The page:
While alike in many other aspects, my fiance, Jake, and I handle money just about as differently as two people could possibly handle money. As you can probably guess, I am very much a saver, seeking out the best bang for my buck and not squandering a single dime that lands into my hands. Jake, on the other hand, spends and spends until he can’t possibly spend anymore- then he whips out one of his credit cards to inflict even more damage.
At least, that’s how it used to be. Once we started to share our financial habits with one another while we were dating, I realized that Jake was setting himself up for financial disaster. If there was going to be a future for us, he better put away those damn credit cards and pick up a brochure on his company’s 401(k) instead. As non-confrontational as I could be, I started to talk to him about how he shouldn’t do this and shouldn’t do that with his money. “Cook at home! Open a savings account! You don’t need another CD!” He would usually grumble, jump on-board, and then a few weeks later be back to his old habits. I really couldn’t do much though; it was ultimately his money and he was going to spend it how he pleased, no matter how much I scolded.
Then, we signed a lease and got our very own apartment together. Exciting, except for the fact that we were both flat broke. I didn’t have a job and he didn’t have a penny saved from his steady paychecks (despite someone urging him to do so for two years). Now that we were living together, I finally had some leverage. If we were going to make this work, both financially and relationship-wise, we needed to work together.
Over the years, many an argument has broken out between us regarding everything from taking an extra slice of pizza for lunch to which toothbrush holder to buy to coupon usage. Luckily, I’ve managed to make some headway and Jake is on a much better financial track than he was when I first met him. Plus, we are engaged now, so I must be doing something right.
The arguments have taught me many things about how a spender’s mind works and I try to keep the following points in mind when I need to approach the subject of money with Jake:
Set savings goals. If there is something that your significant other really, truly wants, bring it up whenever they are about to spend money frivolously. During one of our greatest moments of contention, I said the following to Jake: “Do you really want to marry me? Because if we don’t start saving money for our wedding, we’ll never get married. We can’t afford it. For every $10 you spend on going out to lunch, we are $10 farther away from having a wedding.” I literally saw the connection being made and the light bulb going off. Keep your eye on the prize, any prize.
Automatic savings. Make it as easy as possible for your significant other to save money: set up an automatic bank transfer from their checking account to their savings account. Every two weeks, a set amount is withdrawn from Jake’s account. He doesn’t even have to think about the fact that he’s saving.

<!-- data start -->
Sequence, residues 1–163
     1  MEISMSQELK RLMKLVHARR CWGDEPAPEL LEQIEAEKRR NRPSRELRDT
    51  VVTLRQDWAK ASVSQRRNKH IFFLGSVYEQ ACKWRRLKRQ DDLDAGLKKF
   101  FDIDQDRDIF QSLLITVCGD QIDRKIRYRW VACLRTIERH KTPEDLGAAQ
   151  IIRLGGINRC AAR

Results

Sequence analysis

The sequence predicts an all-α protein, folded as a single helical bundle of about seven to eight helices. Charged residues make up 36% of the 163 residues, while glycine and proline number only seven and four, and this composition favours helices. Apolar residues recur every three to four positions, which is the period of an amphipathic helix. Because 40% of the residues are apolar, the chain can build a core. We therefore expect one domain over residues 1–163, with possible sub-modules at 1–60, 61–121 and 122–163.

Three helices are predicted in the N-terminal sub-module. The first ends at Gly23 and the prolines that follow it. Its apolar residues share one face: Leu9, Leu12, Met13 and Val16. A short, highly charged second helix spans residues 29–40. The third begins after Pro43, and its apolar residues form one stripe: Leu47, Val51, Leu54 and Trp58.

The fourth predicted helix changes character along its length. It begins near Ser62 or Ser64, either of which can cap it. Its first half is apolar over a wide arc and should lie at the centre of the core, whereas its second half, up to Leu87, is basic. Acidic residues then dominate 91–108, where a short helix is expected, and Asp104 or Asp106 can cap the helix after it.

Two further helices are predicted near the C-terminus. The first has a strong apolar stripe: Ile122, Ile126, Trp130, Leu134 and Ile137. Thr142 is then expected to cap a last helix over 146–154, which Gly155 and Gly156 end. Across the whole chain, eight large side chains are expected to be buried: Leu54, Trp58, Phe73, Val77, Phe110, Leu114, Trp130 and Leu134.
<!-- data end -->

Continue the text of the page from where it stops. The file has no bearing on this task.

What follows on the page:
Meet them half way. If you constantly say no and deny them things that they want or think they need, your significant other will start to resent you and tune you out. One of Jake’s favorite hobbies is playing guitar. He owns about 6 or 7 of them. I told him early on, “If you want to buy another guitar, you have to sell one of the ones you already have.” His guitar buying as significantly slowed since then. Jake also likes to eat out despite the fact that he’s a great cook. I’ll agree to go out about once a week; we just have to pick from the restaurants that I have coupons for.
Appreciation of possessions. Jake insisted that he needed a new pair of shoes (it’s true, they were looking very worn) until I opened up the closet and pointed out 3+ pair that were sitting there unused. He had completely forgotten that he had them. Another way to approach this point is to call attention to items that are unappreciated in the hopes that your significant other will sell them. The first time I did this, Jake flipped out. He thought I was forcing him to sell all of his possessions. I simply asked him to look through his CD, DVD, and book collections and to set aside ones that he no longer used. Once I explained to him that we could sell a book he hadn’t read in five years for $10 and that $10 could then be put into a savings account and accumulate interest instead of letting the book continue to just sit there, accumulating dust, he understood it wasn’t a personal attack on him.
Patience is a virtue. Anything can be endured for a trial period, right? If your significant other protests against a frugal move you’d like to make, ask them to grin and bear it for a few weeks, maybe a month. I had to do this when I told Jake we were unplugging our appliances and electronics when we weren’t using them in order to save money on our electric bill. Talk about flying off the handle. “Just wait and see if there’s any difference in our next electric bill,” I told him. I sure didn’t hear him complaining about paying 50% less for our electricity the following month. Additionally, if they want to buy something and they want to buy it now, ask them to wait it out for a week or two. Does it still seem as urgent and rational once they get some distance from it?
Lead by example. There will be no blind leading the blind here. If you want your significant other to change, you need to show them that you’re dedicated to a frugal lifestyle, even when the going gets tough. Once they see the results of all your sacrifices and realize you only want the best for your future together, will they really be able to find any ground to stand on?
3 Comments so far
Leave a comment